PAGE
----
On March 21, 1965, Reverend Dr. Martin Luther King, Jr. led thousands of marchers from Selma to Montgomery, Alabama in a political move that would ultimately lead to the Voting Rights Act of 1965.30 Though Rabbi Dr. Abraham Joshua Heschel’s presence at the front of the crowd has graced photographs of the event ever since, the story of Rabbi Saul Berman’s imprisonment in a Selma jailhouse just days before seems to have drawn a smaller audience. Rabbi Berman was arrested on the Jewish fast day of Ta’anit Esther, which fell that year on March 17.31 At nightfall, when the fast ended, Rabbi Berman was not able to break his fast on prison food, for it did not meet traditional Jewish dietary restrictions; a friend rummaged through Rabbi Berman’s suitcase and brought back the salami upon which Rabbi Berman was hoping to break fast. This friend also found another cylindrical item in the suitcase – a scroll containing the text of Megillat Esther, the tale of a Jewish girl who became queen of a massive kingdom and saved her people from certain destruction. Both the salami and the Megillat Esther proved to be of great use to Rabbi Berman: having broken the fast, Rabbi Berman celebrated Purim, a holiday commemorating the story of Megillat Esther, by reading the scroll out loud to “about 250 people” crowded into the jail.32 One can imagine the power reverberating throughout the room as a young Orthodox rabbi, far from his congregation, read an ancient narrative recounting the deeds of a Jewish queen who saved her people
Dierenfield, The Civil Rights Movement 115-116, 118. Michael J. Radwin, Hebcal Interactive Jewish Calendar, 2005, http://www.hebcal.com/hebcal/, 20 November 2005. 32 Rabbi Saul Berman. Personal interview with the author. 7 June 2005. 31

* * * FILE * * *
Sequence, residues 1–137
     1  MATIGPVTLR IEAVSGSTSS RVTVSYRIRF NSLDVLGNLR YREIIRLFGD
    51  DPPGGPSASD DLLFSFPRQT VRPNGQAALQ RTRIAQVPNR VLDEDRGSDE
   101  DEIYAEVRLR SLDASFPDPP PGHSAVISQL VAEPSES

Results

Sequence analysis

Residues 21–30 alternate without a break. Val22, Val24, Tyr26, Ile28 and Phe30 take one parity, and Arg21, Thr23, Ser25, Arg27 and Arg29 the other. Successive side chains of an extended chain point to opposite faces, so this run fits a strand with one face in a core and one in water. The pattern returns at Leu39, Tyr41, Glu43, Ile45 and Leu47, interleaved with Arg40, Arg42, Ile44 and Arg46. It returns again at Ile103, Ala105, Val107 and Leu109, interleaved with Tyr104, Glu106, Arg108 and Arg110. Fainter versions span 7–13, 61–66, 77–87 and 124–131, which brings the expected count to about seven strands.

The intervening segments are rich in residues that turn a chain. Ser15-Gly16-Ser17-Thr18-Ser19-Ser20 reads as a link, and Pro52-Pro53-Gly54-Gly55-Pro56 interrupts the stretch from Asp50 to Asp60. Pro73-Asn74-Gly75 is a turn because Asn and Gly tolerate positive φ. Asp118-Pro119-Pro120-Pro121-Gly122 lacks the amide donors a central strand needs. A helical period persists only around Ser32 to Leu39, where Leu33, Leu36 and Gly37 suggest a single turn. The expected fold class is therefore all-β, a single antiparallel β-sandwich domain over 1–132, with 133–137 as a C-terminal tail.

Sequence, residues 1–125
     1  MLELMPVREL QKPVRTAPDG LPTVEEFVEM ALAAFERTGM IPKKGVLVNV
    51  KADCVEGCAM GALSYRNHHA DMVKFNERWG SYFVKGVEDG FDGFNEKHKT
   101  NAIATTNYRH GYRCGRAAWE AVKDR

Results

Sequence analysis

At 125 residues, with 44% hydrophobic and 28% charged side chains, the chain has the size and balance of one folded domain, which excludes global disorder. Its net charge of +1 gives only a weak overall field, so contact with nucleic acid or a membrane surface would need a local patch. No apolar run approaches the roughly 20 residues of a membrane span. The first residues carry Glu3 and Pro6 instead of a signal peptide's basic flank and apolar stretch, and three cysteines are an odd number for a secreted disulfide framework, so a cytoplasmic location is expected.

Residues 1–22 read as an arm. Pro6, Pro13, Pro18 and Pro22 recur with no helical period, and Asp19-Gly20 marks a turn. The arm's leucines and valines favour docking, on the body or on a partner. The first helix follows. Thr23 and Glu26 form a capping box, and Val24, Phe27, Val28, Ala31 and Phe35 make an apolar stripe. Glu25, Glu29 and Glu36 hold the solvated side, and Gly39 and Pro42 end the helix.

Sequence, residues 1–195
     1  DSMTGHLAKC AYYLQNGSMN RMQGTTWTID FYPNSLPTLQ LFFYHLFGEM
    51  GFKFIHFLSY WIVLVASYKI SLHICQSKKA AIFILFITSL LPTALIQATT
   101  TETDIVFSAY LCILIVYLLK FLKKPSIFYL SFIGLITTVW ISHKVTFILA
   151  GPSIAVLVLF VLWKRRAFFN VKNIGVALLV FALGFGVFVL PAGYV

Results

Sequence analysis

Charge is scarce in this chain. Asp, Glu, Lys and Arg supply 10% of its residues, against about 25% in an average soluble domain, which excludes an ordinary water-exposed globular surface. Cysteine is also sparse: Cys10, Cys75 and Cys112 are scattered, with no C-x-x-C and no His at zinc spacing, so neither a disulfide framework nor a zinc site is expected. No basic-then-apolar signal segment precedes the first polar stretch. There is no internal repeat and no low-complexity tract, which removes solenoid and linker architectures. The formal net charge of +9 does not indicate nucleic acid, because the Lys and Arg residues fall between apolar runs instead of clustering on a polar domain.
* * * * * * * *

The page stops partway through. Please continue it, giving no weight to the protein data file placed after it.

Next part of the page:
from an enemy within the government – a story that could easily resonate with a group of people hoping to save blacks from their own government’s voter registration prejudices.33 Just two years before, rabbinical degree in hand, Rabbi Berman arrived in Berkeley, California ready to work at Congregation Beth Israel. For the five years he served there, Rabbi Berman worked to better the rights of blacks in Berkeley and beyond.34 He returned to Berkeley after the 1965 Selma-Montgomery March determined to become more engaged with local civil rights politics. Though Berkeley’s high school was integrated, its lower education public school district lines were drawn in a way that separated white and non-white students. According to Rabbi Berman, two opposing forces were at work at once: one group wished to redraw the school lines so as to integrate the lower schools, while another group hoped to create a second high school that would essentially keep students segregated. Rabbi Berman primarily toiled to integrate the schools, though the community agenda additionally dealt with issues of free speech and, ultimately, the Vietnam War.35 Rabbi Berman’s case, though not the norm for the majority of Orthodox Jews in America, is by no means unique. Rabbis and some Orthodox laymen throughout the United States of America not only endorsed the Civil Rights Movement, but also worked to end racism against blacks. This chapter will commence with an exploration of the activities of representative Orthodox participants, focusing on both the wide variety and the numerous regions of activity. Then, I will discuss the problem of Rabbi Dr. Abraham Joshua Heschel’s inclusion in the category of Orthodox participants, even though he is a paragon of religious involvement in the Civil Rights Movement. This section will lead 33
ibid. Rabbi Berman worked there from 1963-1969, with one year of sabbatical. ibid. 35 ibid. 34